In order to bring a criminal case, it has to be proven beyond a reasonable doubt that a criminal offence was committed and this is where the problem lies - the Twits were not injured therefore proving that an assault took place is impossible, proving any intent to cause any harm would also be difficult since the neighbours were just returning branches that had been allowed to fall on their property without prior notice and so the Police quite rightly decided very quickly without wasting public money that it would be pointless pursuing this further in relation to any criminal offence.

If the Twits want to take their chances and pursue a civil claim for the cost of the damaged light, that would be at their own expense and not public expense; alternatively the twits could take the very sound advice of Matty and 'get on with their lives' with their cut hedges and make some effort to rebuild the relations with their neighbours.
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Re: Arisings - Branches Falling over onto neighbours garden

Postby twits » Sun Aug 07, 2011 1:42 pm

Treeman, you claim that I have misunderstood the law. You have still not cited the bit of law I have misunderstood. Fine go ahead an rabbit on about how you like to hang out with drunks and revel in enjoyment you gain from people being assaulted, that's the type of person you are and I don't hold it against you.

However you claim to have a piece of knowledge about the law that I misunderstood. This information could help others who may have the desire to throw property that belongs to a neighbour at them and whether they are going to be charged with serious criminal convictions. Why are you holding back the information for Treeman? We could have a whole nation with neighbours throwing trees, roof slates, baseball bats at each other. Just think of all the enjoyment you could have in the pub with the drunks. With the reluctance to share the information, one can only assume you don't actually know what you're talking about.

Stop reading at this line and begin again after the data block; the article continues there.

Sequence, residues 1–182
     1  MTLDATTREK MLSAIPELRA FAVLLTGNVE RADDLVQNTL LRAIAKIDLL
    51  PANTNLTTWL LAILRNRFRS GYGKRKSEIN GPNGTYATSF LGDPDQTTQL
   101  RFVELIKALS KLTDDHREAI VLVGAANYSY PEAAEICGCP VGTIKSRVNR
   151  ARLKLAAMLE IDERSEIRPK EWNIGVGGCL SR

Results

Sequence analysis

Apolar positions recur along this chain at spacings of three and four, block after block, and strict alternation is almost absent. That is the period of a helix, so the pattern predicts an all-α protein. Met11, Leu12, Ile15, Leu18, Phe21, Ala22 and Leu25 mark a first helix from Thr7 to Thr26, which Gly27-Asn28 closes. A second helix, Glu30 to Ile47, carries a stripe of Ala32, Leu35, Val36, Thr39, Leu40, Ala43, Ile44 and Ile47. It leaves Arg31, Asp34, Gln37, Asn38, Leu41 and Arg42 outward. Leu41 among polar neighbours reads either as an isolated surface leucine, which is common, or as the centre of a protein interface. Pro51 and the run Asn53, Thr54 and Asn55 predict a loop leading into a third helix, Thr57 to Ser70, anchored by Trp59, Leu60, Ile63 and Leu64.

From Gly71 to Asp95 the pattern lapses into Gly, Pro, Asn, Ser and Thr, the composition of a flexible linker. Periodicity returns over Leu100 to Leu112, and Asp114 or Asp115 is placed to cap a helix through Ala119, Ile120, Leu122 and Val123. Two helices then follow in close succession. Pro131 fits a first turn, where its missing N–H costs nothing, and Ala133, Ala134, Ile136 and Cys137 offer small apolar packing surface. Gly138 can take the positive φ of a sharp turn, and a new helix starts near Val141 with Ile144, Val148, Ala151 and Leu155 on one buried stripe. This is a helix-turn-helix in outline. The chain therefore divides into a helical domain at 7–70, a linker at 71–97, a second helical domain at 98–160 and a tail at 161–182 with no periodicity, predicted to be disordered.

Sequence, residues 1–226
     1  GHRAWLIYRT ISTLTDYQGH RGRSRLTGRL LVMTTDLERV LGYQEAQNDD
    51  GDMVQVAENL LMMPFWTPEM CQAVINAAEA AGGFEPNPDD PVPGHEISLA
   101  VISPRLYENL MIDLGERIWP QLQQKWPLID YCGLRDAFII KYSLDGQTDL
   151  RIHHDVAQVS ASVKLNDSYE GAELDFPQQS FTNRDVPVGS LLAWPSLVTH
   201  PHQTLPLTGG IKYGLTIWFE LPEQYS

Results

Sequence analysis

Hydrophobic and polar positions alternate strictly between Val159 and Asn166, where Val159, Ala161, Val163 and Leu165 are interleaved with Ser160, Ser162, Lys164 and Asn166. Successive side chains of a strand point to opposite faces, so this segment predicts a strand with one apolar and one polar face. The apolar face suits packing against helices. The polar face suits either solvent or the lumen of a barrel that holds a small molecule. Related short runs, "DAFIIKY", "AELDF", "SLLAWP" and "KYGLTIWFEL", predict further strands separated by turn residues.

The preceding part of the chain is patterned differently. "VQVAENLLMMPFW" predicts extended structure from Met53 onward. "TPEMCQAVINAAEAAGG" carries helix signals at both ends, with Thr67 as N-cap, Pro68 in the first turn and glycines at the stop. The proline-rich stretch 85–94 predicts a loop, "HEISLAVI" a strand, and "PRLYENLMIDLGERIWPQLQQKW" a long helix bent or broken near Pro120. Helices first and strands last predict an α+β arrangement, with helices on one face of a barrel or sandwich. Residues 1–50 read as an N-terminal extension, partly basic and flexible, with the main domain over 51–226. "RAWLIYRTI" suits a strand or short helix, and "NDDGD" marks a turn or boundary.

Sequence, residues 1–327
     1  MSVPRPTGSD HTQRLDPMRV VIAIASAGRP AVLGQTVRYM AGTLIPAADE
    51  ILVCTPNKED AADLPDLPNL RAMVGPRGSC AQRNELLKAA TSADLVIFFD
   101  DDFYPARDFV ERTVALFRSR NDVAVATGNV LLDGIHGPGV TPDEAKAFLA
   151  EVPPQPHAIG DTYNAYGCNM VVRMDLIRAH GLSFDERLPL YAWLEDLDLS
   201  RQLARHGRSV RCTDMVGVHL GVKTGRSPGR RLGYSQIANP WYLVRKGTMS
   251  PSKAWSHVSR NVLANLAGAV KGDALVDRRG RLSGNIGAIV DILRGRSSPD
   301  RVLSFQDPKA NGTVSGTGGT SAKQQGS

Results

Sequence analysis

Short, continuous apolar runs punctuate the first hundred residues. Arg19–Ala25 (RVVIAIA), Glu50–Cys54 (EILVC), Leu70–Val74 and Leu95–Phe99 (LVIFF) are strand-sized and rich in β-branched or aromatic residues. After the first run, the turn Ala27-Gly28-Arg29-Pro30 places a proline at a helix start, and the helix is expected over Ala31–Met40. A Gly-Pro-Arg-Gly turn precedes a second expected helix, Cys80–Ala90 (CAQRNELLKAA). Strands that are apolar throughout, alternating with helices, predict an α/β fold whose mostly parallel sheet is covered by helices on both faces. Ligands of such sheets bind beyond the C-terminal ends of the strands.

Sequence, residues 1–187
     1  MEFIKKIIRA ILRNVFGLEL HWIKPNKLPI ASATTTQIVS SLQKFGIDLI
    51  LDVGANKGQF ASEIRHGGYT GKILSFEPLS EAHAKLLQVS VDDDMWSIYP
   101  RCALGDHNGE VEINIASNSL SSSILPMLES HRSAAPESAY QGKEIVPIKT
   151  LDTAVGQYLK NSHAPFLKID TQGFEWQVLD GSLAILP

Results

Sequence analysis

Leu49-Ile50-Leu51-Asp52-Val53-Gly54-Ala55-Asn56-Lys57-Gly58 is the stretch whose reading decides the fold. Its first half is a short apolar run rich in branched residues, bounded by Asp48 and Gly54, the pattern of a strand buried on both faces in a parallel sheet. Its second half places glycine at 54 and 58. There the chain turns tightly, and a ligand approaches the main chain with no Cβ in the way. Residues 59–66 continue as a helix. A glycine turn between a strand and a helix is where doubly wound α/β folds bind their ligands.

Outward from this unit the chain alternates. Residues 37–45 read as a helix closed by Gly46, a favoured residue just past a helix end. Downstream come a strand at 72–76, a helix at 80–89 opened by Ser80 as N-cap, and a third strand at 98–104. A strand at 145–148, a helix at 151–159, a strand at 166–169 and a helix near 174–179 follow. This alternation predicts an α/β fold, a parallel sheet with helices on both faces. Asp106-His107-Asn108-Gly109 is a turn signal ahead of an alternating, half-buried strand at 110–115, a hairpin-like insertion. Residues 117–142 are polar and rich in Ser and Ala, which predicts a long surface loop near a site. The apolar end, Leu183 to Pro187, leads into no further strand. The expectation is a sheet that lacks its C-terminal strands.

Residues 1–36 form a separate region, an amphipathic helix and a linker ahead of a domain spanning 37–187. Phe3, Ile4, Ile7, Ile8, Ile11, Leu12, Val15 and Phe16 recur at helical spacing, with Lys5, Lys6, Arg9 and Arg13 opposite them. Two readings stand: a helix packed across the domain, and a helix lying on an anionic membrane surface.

@ mr sheen, I think you've hit the nail on the head there. Without proof you have no case at all. Whether it be throwing things, dumping, cutting down your neighbours hedges completely, trespass nobody will ever go ahead with legal proceedings against you without evidence that it was 'you' who committed any offence. CCTV is the only way to go to protect yourself and your property. Any covert CCTV footage is usually dismissed in court cases as far as I am aware, not too sure on that one.

As far as I can see, you do not have to make contact to commit assault. You only have to be placed in apprehension of contact. If contact is made, battery is then committed. Battery and assault can be committed at the same time. The contact can be anything, a fist, a branch, spit, shaving foam as rupert murdoch has recently experienced basically anything that is about to make contact with you and you are apprehensive about the contact. Physical injuries do not have to be present, but if they are the amount of compensation made increases according to the degree of injury. I am still waiting for Treeman to correct me on this one and cite the bit of law that I have misunderstood.

Very nice post there Mr Sheen, I never looked at it from the lack of evidence side of things. As Mr Sheen says, in order to bring a criminal case you need solid evidence. However, if that was the reason it was dismissed the Police should have told me it was due to lack of evidence and not said that it is perfectly find for the neighbour to throw things at me (if that' is indeed a correct statement). According to our Police force, we can go throwing things at our neighbours without fear of any prosecution irrespective of evidence or not.
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Re: Arisings - Branches Falling over onto neighbours garden